Imaggeo On Monday: 12 years of the EGU Photo Competition

Imaggeo On Monday: 12 years of the EGU Photo Competition

In 2010 EGU held our first annual Photo Competition at the General Assembly in Vienna. Since then hundreds of photos have been shared on imaggeo by geoscientists and researchers just like you, with a lucky few being selected each year to be highlighted during the meeting and voted on by our members.


These images can be of anything to do with geology or geoscience – we get many beautiful landscape images, but you can also upload laboratory images, fieldwork images, hand samples or microscope images; even videos! The winners are awarded a free registration to the EGU General Assembly the following year and you can share an image taken at any time – they don’t have to be just from the last year – we even accept historical images, as long as you have the rights to share them! For more information visit the 2022 Photo Competition announcement page.


This week’s Imaggeo on Mondays highlights the 2010 Photo Competition runner up: a stunning photo of the Grand Prismatic Spring in Yellowstone National Park in the USA taken by David Mencin.

This is the Grand Prismatic Spring in the Midway Geyser Basin, Yellowstone National Park. It is the third largest hotspring in the world and the largest found in the United States, with a maximum diameter of about 90 m. It discharges roughly 2.5 cubic metres of mineral-rich water per minute, which flows down the rocky terraces evenly on all sides. Hotsprings are rich in minerals because warmer water is capable of holding more dissolved solids than colder water – and the water here can reach 87 °C in the centre of the spring!

Little can survive these high temperatures, though there are strains of thermophyllic (heat loving) bacteria and algae (chemoautotrophs and heteroautotrophs) that thrive in these conditions! There is more life found at the edges of the spring where waters are cooler. Rather than producing energy from the sun, as is the case for photosynthetic bacteria, chemoautotrophic bacteria oxidise minerals in the spring-water to produce energy. Heteroautotrpohs, on the other hand, use both photosynthesis and chemoautotrophy to obtain their energy.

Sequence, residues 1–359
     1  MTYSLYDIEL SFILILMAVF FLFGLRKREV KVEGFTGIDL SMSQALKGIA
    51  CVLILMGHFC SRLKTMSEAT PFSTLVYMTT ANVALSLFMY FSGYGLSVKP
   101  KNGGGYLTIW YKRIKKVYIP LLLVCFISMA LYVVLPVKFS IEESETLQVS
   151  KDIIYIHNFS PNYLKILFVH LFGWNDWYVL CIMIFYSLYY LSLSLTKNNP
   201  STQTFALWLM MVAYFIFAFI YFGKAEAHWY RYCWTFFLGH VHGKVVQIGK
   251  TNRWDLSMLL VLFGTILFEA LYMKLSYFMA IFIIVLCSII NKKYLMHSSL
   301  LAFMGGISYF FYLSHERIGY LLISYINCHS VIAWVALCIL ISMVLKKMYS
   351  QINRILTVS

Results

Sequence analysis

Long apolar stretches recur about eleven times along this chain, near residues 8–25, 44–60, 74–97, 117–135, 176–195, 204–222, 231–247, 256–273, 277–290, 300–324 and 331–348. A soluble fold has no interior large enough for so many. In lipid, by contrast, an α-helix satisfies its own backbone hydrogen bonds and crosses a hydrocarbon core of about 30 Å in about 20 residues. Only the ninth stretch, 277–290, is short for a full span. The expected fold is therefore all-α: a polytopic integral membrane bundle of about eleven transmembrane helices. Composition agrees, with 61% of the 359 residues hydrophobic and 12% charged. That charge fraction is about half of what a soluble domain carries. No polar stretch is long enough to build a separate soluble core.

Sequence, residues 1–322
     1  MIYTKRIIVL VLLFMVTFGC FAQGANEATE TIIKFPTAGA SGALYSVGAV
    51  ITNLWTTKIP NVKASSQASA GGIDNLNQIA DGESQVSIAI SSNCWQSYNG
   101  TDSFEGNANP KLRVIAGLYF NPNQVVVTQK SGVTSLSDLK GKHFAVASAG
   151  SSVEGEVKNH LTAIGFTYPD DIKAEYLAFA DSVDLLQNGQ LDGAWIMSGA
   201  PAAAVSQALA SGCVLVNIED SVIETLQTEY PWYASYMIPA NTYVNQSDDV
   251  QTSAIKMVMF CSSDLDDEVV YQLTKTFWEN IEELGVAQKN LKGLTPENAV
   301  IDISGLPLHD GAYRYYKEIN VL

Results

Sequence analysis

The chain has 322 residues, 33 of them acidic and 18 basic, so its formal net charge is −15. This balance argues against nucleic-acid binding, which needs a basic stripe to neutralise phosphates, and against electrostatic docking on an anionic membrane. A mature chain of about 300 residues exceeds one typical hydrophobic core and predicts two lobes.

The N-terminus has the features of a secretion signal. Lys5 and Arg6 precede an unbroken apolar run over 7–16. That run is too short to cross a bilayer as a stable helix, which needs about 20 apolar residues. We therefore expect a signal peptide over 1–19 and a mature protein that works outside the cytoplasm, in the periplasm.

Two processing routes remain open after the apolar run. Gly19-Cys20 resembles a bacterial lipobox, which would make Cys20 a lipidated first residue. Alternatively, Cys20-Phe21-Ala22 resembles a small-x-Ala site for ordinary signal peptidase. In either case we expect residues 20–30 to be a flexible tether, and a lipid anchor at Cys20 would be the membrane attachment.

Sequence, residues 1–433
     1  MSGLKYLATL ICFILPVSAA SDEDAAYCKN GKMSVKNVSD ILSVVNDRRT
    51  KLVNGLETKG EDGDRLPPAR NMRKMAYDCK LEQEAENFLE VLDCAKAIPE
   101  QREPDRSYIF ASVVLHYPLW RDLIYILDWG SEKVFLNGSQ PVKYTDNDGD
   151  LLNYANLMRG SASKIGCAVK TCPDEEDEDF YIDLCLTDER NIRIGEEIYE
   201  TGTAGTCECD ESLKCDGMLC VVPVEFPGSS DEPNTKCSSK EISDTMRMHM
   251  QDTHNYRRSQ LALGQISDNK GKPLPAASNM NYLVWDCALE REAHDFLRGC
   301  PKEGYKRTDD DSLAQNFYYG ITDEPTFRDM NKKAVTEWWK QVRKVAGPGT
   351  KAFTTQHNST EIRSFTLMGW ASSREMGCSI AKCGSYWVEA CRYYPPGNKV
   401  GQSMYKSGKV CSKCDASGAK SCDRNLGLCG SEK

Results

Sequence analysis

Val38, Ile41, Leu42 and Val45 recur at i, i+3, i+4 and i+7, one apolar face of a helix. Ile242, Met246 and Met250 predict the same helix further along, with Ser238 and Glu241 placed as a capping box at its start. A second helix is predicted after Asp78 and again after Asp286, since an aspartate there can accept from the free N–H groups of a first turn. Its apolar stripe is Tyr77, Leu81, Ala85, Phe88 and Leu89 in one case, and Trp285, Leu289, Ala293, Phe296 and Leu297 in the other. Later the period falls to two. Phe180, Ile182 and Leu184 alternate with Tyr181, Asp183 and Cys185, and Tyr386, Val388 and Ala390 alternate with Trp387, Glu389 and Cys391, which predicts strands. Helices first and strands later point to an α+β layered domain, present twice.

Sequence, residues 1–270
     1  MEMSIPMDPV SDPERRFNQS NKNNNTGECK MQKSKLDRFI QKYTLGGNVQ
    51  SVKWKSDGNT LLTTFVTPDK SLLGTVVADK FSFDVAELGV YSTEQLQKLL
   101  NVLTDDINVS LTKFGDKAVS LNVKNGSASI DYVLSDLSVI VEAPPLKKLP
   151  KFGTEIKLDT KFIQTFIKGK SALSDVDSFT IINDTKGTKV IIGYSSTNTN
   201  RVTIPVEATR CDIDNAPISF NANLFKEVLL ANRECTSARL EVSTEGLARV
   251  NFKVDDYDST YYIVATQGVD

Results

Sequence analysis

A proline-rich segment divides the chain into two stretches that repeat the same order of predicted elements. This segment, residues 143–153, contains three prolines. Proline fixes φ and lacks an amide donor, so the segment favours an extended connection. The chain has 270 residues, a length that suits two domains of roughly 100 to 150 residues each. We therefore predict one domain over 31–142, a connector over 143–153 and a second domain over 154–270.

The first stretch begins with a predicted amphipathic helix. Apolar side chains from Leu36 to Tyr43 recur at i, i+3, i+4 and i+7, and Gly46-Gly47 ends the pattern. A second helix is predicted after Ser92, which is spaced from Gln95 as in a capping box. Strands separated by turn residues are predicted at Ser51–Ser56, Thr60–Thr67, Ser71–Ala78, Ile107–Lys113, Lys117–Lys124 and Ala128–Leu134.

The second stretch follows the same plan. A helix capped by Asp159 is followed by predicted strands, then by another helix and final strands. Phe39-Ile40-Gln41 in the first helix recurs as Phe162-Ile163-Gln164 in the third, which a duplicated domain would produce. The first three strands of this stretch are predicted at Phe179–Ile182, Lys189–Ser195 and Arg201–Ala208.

These bacteria are also responsible for the bright rings of colour that surround the spring. Coating the rock in large bacterial mats; their energy-harnessing pigments dictate the colours that surround the water. If the bacteria contain more chlorophyll, the mats will be more green in colour and if they contain more carotenoids, the bacterial carpet will be more of an orangey brown.

Description by Sara Mynott.


Imaggeo is the EGU’s online open access geosciences image repository. All geoscientists (and others) can submit their photographs and videos to this repository and, since it is open access, these images can be used for free by scientists for their presentations or publications, by educators and the general public, and some images can even be used freely for commercial purposes. Photographers also retain full rights of use, as Imaggeo images are licensed and distributed by the EGU under a Creative Commons licence. Submit your photos at

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Hazel Gibson is Head of Communications at the European Geosciences Union. She is responsible for the management of the Union's social media presence and the EGU blogs, where she writes regularly for the EGU's official blog, GeoLog. She has a PhD in Geoscience Communication and Cognition from the University of Plymouth in the UK. Hazel tweets @iamhazelgibson.

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